Take Shelter: A Movie Review with Anna Drehmer

Take Shelter Movie Picture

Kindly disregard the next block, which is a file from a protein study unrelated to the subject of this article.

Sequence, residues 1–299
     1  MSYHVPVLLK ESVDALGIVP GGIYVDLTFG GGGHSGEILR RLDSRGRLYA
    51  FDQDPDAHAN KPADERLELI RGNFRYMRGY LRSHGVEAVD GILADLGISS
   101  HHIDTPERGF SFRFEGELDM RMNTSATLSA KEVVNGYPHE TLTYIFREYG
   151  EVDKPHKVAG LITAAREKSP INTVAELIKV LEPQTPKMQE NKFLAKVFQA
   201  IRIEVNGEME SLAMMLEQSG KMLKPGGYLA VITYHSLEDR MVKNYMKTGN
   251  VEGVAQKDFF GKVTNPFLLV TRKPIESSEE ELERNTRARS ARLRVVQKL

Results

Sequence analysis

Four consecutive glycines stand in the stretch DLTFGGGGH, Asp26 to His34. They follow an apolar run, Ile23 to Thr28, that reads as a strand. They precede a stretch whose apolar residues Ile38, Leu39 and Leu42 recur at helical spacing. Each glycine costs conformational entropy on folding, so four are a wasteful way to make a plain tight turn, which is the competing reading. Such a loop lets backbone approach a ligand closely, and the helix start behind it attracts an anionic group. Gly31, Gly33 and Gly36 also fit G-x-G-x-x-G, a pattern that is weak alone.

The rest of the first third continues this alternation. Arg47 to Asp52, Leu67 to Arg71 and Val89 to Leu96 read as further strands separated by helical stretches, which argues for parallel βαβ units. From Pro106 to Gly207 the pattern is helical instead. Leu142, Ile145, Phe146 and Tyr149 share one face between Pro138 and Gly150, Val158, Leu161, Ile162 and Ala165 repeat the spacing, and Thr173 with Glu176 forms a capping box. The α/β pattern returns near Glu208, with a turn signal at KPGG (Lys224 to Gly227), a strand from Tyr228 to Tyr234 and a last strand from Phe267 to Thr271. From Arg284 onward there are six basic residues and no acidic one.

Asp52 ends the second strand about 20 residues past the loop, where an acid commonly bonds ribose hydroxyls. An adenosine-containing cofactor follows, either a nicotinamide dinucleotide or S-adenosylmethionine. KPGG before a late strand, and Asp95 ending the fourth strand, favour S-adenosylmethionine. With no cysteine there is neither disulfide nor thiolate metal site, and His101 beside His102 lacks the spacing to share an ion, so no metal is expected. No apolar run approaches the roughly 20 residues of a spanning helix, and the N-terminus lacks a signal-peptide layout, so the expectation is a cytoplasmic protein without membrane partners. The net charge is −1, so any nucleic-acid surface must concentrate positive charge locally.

Adam is clairvoyant. He has a sense about people. Aware of mood and feeling imperceptible to most, Adam seems to be an emissary of empathy. Having worked with mentally challenged—especially autistic individuals—he is a translator, one who understands both worlds: ours and theirs. Deep sensitivity in combination with altruistic motives, communicated with careful words, is a gift. American culture generally has been slow in recognizing human differences. Real emotions are sidestepped or their depth unappreciated. The movie Take Shelter is an appreciation of unseen conditions, their connections made possible by one person. Michael Shannon’s exceptional performance offers a window into the soul of a man whose personal life may well have benefited others if only those without his gift world have listened to his interpretation. Take Shelter is itself difficult to interpret, eliciting responses to themes of human personhood and superhuman reality. Those who have grown up around others battling mental illness all too well appreciate psychological-emotional suffering. The viewer obtains a glimpse into the difficulties of depression, schizophrenia, diagnosis difficulties, drugs, and institutionalization. But most importantly Shannon’s character Curtis is misunderstood, and so, marginalized. Curtis’ secretive reaction to his condition is understandable. [Heritability—wondering if one’s life would somehow be made null and void by such an affliction—is a real fear.] Those closest to Curtis give their best effort to give him space. But Curtis’ personal sense of apocalypse creates havoc for all around. Little by little Curtis loses hold to physical and emotional reality. Each film sequence expertly builds on the next; each actor enters their scenes playing roles it seems they were born to. Jessica Chastain deserves special mention. Samantha (Chastain), Curtis’s wife, shows true compassion in the midst of growing apprehension, while maintaining love’s commitment. The whole of the movie is outstanding and beyond simple reportage. Exceptional writing draws taut drama. Reality defies labeling and life is full of complexity, realized through the skilled storyline written by Jeff Nichols. 20 years has passed since penning his sensational School Ties, speaking on behalf of ethnic differences. Dismissing the differences of another person, even those with a diagnosed mental illness may cost a great deal in the end, including Take Shelter’s final scene which the viewer will not soon forget. Are Curtis’ visions pointing to something real? Or is he beginning to battle schizophrenia like his mother before him? Could both can be true? Others, different from ourselves, have insights to share with the rest of the world, insights which our world would be wise to consider. All people have something unique and valuable to contribute. Remnants of glory, broken shards of a mirror, still fulfill their duty, offering reflection in the dark where others need light. Human brokenness is indicative of the human condition. Each person dispenses a knowledge others need. So humanity is in need of interpreters; special interlockers, who can see what the rest of us cannot see, interpret with other eyes. We need the Adam’s and Curtis’s of this world. Rated R for some language, violence, disturbing images, and emotional complexity Anna Drehmer, my movie-watching friend who is finishing her masters at Covenant in St. Louis, is co-writer in this review.  Anna’s personal insights are deep. I will never forget the night she came to our home trying to convince me A Muppet’s Christmas Carol was a good movie.  It is the only time we have disagreed about film.  Thank you Anna!

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